This thesis aims to enable improved urban sustainability in India and has therefore been conducted at WSP’s office in Delhi. The objective has been to chart the Indian characteristics as well as to identify difficulties regarding urban sustainability.
The purpose and objective have been accomplished through the implementation of three research questions. The questions have been answered by a literary review of existing theories and a complementary document analysis.
Furthermore, a case study of a new development in India with long-term sustainability in focus of the design has been conducted. For an Indian city to achieve a sustainable urban development, five pillars of sustainability have been identified; political, physical, ecological, social and economic.
The ecological, social and economic are pillars from the common definition of sustainability, however they have different meaning and focus in the Indian context. The physical and political pillars are therefore characteristic for the Indian urban development. The physical pillar is added in the Indian context since short term planning and focus on profit is dominating the building industry.
The demand for maintenance is because of that larger than the supply which results in a need for more emphasis on the physical built environment. The political pillar is applied because of the concerns for the value and quality of governance actions. It affects the four other pillars since the government should provide guidance, both with instructions and by executions, which is not always apparent. The Indian government has introduced several strategies in order to achieve sustainability in Indian cities.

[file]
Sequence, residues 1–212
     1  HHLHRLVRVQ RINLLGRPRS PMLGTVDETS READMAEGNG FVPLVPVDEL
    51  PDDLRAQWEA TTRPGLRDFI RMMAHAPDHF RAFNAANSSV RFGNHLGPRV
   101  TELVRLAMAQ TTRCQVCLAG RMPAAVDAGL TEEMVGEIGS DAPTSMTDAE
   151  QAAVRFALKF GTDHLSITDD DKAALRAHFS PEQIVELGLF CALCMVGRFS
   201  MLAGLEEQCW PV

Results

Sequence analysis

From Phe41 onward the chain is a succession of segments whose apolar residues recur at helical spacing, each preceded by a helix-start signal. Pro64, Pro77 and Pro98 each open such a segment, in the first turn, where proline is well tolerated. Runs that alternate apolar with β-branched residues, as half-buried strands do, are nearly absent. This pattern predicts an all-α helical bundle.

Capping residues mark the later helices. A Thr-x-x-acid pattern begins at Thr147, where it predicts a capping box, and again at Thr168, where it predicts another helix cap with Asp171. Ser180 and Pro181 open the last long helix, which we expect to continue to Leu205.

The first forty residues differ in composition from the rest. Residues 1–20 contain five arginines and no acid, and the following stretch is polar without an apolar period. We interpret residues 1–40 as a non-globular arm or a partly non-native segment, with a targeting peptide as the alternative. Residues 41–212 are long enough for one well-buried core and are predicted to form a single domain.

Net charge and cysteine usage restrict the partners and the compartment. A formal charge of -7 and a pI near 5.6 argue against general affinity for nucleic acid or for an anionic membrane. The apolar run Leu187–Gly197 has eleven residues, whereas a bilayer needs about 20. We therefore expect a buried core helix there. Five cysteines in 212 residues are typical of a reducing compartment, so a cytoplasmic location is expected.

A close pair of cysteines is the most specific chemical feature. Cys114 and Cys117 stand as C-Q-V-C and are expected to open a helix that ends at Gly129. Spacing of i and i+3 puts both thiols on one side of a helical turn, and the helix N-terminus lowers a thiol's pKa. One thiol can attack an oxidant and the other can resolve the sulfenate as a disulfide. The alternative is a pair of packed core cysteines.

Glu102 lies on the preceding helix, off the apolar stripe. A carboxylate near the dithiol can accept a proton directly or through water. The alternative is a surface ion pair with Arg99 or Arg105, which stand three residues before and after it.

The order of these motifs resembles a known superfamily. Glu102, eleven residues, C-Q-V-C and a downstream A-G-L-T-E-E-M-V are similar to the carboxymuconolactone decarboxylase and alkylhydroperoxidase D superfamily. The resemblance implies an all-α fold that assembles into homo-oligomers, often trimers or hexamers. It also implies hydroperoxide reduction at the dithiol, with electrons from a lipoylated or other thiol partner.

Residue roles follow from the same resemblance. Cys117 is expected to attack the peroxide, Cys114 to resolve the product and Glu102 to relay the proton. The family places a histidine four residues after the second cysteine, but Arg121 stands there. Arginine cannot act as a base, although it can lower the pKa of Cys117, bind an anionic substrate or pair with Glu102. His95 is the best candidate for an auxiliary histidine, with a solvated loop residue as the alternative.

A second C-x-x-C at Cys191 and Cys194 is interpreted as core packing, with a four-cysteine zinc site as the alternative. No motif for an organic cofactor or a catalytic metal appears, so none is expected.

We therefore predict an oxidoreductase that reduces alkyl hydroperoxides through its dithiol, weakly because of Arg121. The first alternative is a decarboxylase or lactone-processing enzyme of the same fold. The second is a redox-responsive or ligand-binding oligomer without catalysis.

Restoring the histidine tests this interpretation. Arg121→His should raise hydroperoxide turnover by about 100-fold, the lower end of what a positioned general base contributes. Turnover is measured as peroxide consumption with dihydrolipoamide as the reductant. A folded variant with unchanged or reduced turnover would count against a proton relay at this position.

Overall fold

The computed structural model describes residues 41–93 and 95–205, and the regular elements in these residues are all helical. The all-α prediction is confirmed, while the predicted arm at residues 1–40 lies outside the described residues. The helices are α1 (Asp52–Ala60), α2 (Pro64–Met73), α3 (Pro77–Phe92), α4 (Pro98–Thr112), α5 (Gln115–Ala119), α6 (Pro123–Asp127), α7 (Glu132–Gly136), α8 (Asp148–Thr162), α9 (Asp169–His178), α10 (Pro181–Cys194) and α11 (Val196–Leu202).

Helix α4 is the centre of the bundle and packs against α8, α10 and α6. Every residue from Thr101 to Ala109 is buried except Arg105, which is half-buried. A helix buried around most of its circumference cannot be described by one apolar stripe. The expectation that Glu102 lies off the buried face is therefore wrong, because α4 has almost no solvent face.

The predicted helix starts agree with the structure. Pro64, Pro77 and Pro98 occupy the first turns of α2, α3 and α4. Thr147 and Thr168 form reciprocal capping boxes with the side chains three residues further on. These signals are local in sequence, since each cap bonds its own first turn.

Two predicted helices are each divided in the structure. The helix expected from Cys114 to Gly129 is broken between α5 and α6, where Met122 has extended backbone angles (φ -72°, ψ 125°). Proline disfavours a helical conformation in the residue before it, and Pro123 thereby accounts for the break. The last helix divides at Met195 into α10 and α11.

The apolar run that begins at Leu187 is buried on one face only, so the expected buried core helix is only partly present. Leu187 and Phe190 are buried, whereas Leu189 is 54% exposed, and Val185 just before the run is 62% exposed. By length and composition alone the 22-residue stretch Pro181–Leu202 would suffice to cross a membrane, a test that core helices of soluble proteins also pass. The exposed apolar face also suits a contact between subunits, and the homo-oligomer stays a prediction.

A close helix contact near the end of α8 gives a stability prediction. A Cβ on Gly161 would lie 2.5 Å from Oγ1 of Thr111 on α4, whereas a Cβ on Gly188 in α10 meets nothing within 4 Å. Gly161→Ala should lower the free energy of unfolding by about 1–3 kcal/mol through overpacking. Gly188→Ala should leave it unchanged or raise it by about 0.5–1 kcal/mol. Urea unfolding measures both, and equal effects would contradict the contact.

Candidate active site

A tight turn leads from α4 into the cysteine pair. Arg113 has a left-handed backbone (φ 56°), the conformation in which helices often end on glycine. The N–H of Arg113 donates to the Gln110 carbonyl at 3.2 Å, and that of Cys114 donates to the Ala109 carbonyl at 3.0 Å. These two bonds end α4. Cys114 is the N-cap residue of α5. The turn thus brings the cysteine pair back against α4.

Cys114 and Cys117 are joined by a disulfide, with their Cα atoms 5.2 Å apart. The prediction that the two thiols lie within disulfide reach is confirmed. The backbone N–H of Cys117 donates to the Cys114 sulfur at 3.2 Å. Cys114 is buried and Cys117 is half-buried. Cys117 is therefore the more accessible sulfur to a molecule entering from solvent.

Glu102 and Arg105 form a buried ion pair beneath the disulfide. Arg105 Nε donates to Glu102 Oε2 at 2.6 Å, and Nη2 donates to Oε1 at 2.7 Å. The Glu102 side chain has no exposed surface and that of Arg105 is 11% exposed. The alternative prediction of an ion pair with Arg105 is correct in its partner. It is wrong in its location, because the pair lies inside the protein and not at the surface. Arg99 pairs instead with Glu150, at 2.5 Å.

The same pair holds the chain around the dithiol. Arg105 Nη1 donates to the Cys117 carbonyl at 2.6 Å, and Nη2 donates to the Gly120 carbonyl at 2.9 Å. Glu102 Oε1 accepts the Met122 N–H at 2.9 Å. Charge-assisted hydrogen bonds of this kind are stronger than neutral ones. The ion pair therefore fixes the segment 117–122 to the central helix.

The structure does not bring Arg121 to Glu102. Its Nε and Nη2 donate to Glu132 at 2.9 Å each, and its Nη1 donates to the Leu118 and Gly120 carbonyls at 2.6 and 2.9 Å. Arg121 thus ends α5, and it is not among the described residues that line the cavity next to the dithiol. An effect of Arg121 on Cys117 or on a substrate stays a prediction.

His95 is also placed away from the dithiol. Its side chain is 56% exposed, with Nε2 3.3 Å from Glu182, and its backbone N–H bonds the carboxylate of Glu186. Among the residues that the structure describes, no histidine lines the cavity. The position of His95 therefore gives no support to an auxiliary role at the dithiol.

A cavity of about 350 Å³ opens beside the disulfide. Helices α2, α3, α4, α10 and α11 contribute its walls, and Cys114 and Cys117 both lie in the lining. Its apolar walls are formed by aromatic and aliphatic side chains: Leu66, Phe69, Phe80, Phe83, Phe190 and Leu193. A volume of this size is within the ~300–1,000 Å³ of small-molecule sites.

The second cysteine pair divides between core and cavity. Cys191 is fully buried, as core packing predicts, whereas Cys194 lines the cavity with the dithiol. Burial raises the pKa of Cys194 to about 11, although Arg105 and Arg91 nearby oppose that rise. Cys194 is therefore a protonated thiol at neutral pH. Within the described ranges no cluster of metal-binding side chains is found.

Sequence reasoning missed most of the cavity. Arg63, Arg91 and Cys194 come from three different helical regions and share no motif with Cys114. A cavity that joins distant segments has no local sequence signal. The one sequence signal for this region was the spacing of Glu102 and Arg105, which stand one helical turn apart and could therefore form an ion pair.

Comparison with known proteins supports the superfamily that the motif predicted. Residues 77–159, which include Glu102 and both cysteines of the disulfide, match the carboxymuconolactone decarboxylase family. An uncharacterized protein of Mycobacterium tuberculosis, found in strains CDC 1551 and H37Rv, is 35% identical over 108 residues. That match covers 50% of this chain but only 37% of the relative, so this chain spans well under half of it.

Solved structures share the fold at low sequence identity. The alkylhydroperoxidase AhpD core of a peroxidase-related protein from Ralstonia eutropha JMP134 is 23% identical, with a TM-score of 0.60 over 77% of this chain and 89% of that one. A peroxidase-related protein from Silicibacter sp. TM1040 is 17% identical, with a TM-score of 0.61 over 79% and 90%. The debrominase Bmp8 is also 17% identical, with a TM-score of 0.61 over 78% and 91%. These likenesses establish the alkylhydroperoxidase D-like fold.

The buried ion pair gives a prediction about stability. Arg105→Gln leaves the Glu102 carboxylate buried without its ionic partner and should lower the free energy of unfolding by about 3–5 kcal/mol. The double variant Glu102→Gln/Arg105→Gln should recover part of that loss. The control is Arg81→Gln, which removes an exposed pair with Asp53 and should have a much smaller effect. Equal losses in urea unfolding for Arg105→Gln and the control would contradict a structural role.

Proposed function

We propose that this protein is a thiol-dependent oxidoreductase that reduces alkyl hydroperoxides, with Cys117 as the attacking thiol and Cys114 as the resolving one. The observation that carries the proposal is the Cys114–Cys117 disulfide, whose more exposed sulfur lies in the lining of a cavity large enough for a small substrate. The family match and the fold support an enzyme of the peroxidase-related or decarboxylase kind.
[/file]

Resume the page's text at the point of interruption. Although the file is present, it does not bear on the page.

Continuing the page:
Rating tools for sustainability, such as Leed and Griha, together with the planning of spatial city forms, such as compact city form and mixed land use, which are the main procedures. Benefits in terms of lower interest rates on loans and a quicker clearance are given to developers who intend to build sustainably.
Though the many theories and strategies seem ambitious, they are not always as effective when translated into practice. This is partly because of the lack of follow-up and partly the clients focus on quick profit. Thus, India is facing many challenges in order to reach a sustainable urban development. Together with urbanisation and growth in population, corruption is the main challenge since many other follows.
These are lack of awareness in the field of sustainability, short term planning and the focus on profit as well as public safety and poverty. If India is serious about developing its cities sustainably, it is significant for the Indian government to take an inspiring role in using and promoting sustainability.
Source: Jönköping University
Author: Brandt, Julia | Svensson, Linnéa